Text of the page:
In-vitro wound healing properties of commiphora swynnertonii resinous extracts

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Wound healing is a complex multicellular process involving many cell types which include; inflammatory cells, endothelial cells, fibroblasts and keratinocytes. The process involves an orderly sequence of events with four overlapping phases namely; haemostasis, inflammatory, proliferation and remodeling phases. The process can be facilitated by the use of wound healing agents including herbal remedies from plants. In this study the main objective was to evaluate the in vitro wound healing activity of the resin obtained from Commiphora swynnertonii (C.swynnertonii). First the NIH -3T3 cells viability were evaluated using (3-(4, 5-Dimethylthiazol-2-yl)-2, 5-diphenyl Tetrazolium Bromide (MTT) assay. Then the wound scratch assay model was used to evaluate cellular proliferation, closure of the wound and release of matrix metalloproteinase enzymes. Results indicate differences in mean cell viability between different concentrations within 24 hours of incubation. The highest viability was recorded at the concentration of 1% (v/v). The in-vitro wound scratch assay showed positive NIH - 3T3 cells proliferation on the wound area and cells migration when compared with control group (without treatment) at 0 and 24 hours. In addition, C. swynnertonii was able to stimulate secretion of MMP-2 release from NIH - 3T3 cells. MMP-2 is an important enzyme for extracellular matrix remodeling during wound healing suggesting that C. swynnertonii promotes wound healing by stimulating cell proliferation and production of MMP-2 in a mechanism that is currently not known.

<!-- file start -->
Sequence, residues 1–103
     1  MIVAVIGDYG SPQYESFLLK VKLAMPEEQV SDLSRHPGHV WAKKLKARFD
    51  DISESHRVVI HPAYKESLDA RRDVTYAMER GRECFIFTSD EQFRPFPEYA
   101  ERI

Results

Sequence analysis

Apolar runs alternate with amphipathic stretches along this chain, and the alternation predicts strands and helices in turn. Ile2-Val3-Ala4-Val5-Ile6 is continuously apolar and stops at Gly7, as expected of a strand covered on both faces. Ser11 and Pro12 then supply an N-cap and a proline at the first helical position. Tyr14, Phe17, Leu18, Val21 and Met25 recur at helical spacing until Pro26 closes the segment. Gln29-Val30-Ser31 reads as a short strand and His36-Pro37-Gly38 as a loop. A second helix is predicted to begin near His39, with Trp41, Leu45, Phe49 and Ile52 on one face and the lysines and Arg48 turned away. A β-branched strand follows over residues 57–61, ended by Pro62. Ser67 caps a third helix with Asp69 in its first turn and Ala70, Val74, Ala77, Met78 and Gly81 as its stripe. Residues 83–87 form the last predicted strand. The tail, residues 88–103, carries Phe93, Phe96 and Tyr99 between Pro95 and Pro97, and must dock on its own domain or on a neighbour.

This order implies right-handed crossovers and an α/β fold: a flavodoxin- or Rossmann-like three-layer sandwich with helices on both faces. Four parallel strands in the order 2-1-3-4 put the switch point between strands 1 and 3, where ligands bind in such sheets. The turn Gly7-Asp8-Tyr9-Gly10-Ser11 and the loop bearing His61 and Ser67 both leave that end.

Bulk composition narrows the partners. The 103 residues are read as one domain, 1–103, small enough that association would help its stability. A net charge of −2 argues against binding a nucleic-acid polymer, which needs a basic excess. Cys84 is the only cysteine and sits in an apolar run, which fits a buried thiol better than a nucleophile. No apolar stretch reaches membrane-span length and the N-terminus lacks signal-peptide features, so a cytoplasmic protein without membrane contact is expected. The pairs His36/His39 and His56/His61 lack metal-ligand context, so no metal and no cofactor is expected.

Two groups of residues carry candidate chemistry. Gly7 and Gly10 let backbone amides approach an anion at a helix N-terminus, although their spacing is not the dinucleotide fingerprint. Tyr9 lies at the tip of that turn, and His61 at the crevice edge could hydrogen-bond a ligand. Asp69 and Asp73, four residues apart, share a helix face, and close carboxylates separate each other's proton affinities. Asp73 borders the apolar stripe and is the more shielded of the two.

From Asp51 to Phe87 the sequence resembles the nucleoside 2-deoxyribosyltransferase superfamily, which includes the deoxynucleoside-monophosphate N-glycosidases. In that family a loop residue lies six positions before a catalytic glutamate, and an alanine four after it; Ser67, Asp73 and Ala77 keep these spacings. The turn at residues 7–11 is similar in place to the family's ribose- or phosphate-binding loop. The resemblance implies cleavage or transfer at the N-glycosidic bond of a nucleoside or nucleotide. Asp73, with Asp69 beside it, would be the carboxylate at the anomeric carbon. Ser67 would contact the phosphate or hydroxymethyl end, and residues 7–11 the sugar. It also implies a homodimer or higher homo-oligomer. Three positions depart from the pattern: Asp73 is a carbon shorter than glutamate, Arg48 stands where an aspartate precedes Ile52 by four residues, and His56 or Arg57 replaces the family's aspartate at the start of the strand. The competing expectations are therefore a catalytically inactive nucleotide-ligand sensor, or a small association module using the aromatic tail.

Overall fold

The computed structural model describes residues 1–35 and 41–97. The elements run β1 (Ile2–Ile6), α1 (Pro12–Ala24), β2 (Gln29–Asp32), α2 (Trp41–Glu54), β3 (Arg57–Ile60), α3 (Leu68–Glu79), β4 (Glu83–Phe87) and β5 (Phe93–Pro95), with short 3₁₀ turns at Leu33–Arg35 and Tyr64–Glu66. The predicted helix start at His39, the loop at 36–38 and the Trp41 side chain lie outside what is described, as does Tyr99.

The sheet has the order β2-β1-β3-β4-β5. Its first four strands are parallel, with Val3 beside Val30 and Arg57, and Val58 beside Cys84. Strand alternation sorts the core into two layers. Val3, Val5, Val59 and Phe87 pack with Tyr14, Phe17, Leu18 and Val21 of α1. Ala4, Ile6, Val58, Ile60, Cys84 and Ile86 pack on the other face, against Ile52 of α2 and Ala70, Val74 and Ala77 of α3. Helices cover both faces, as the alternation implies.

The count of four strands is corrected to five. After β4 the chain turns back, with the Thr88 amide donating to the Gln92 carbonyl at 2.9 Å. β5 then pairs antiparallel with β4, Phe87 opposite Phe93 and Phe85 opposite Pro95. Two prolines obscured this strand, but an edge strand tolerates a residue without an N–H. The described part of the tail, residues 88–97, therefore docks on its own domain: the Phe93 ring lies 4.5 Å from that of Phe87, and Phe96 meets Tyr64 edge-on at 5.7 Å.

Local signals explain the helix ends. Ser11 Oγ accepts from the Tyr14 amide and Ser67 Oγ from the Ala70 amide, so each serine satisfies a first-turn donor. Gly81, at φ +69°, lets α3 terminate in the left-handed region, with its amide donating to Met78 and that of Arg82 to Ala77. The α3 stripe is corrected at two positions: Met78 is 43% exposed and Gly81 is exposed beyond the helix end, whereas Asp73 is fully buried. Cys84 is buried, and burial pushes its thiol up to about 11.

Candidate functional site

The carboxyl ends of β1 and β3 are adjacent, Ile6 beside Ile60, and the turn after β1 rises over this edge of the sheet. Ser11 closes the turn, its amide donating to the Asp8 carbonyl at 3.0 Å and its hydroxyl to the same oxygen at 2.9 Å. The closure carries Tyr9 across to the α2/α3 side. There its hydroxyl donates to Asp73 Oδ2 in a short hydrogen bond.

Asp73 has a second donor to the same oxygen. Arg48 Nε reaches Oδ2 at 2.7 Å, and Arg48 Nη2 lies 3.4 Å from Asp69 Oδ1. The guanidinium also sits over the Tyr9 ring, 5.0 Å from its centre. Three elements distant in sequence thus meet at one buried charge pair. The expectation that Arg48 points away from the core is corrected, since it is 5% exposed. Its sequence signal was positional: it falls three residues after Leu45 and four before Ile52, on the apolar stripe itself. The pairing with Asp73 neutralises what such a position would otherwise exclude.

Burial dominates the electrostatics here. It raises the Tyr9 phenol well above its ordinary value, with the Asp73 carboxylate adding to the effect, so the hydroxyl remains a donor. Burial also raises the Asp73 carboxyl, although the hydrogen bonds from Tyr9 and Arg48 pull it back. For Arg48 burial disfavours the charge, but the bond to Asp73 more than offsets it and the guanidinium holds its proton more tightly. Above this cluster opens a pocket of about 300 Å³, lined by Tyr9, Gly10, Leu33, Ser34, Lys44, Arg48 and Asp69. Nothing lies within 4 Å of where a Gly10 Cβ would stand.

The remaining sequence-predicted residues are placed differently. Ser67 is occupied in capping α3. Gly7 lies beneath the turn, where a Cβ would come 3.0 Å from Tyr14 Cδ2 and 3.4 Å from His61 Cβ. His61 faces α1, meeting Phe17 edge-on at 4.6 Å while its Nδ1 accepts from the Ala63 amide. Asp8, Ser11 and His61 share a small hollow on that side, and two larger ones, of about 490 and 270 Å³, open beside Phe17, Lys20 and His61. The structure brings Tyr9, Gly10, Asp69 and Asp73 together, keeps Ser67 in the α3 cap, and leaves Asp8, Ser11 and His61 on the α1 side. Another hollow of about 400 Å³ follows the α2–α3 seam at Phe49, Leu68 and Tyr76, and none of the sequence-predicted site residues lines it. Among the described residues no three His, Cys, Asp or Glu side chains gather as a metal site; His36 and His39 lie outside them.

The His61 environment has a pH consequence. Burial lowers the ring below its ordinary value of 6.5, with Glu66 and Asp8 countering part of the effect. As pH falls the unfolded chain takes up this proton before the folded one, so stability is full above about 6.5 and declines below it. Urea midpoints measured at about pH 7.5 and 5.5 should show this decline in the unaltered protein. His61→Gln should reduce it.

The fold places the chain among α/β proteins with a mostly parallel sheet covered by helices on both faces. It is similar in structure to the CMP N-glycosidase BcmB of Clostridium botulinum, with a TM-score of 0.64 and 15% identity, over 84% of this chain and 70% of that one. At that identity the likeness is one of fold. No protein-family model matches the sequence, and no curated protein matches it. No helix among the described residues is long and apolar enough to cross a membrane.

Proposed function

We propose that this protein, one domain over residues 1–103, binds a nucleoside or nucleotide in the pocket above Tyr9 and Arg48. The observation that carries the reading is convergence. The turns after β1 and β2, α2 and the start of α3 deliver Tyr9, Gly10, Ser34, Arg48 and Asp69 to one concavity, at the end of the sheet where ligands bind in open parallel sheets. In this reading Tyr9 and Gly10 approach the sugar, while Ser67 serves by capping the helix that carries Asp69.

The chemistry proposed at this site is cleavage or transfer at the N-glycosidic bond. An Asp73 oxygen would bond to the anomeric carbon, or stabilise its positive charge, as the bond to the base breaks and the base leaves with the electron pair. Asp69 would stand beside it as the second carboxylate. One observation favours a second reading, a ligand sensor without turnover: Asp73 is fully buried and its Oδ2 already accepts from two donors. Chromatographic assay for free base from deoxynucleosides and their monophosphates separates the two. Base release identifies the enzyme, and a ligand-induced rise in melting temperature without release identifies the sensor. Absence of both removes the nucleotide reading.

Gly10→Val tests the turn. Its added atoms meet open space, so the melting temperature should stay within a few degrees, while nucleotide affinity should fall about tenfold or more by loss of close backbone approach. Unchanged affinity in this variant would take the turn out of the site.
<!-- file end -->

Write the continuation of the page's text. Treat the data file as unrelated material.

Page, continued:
Wound, Comiphora, healing, remodeling, metalloproteinases, NIH - 3T3 cells